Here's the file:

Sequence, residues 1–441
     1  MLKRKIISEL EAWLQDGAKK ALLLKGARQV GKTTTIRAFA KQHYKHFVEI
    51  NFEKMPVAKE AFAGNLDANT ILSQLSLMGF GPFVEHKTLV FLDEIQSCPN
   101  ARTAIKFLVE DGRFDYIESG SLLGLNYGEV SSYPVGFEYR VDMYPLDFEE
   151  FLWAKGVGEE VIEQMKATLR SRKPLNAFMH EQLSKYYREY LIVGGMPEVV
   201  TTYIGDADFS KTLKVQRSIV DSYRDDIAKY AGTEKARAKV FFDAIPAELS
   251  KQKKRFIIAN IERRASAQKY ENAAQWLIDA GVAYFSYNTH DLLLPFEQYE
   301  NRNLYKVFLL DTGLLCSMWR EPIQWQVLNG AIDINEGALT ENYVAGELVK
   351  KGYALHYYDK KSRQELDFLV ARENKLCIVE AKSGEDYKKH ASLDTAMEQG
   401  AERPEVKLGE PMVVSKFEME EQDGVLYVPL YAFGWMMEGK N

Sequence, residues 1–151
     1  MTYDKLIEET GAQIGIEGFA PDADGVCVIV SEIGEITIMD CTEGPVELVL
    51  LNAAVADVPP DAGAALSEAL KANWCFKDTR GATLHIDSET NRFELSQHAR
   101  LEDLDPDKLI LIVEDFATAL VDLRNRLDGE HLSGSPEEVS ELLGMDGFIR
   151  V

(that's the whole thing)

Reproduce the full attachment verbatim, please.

Sequence, residues 1–441
     1  MLKRKIISEL EAWLQDGAKK ALLLKGARQV GKTTTIRAFA KQHYKHFVEI
    51  NFEKMPVAKE AFAGNLDANT ILSQLSLMGF GPFVEHKTLV FLDEIQSCPN
   101  ARTAIKFLVE DGRFDYIESG SLLGLNYGEV SSYPVGFEYR VDMYPLDFEE
   151  FLWAKGVGEE VIEQMKATLR SRKPLNAFMH EQLSKYYREY LIVGGMPEVV
   201  TTYIGDADFS KTLKVQRSIV DSYRDDIAKY AGTEKARAKV FFDAIPAELS
   251  KQKKRFIIAN IERRASAQKY ENAAQWLIDA GVAYFSYNTH DLLLPFEQYE
   301  NRNLYKVFLL DTGLLCSMWR EPIQWQVLNG AIDINEGALT ENYVAGELVK
   351  KGYALHYYDK KSRQELDFLV ARENKLCIVE AKSGEDYKKH ASLDTAMEQG
   401  AERPEVKLGE PMVVSKFEME EQDGVLYVPL YAFGWMMEGK N

Sequence, residues 1–151
     1  MTYDKLIEET GAQIGIEGFA PDADGVCVIV SEIGEITIMD CTEGPVELVL
    51  LNAAVADVPP DAGAALSEAL KANWCFKDTR GATLHIDSET NRFELSQHAR
   101  LEDLDPDKLI LIVEDFATAL VDLRNRLDGE HLSGSPEEVS ELLGMDGFIR
   151  V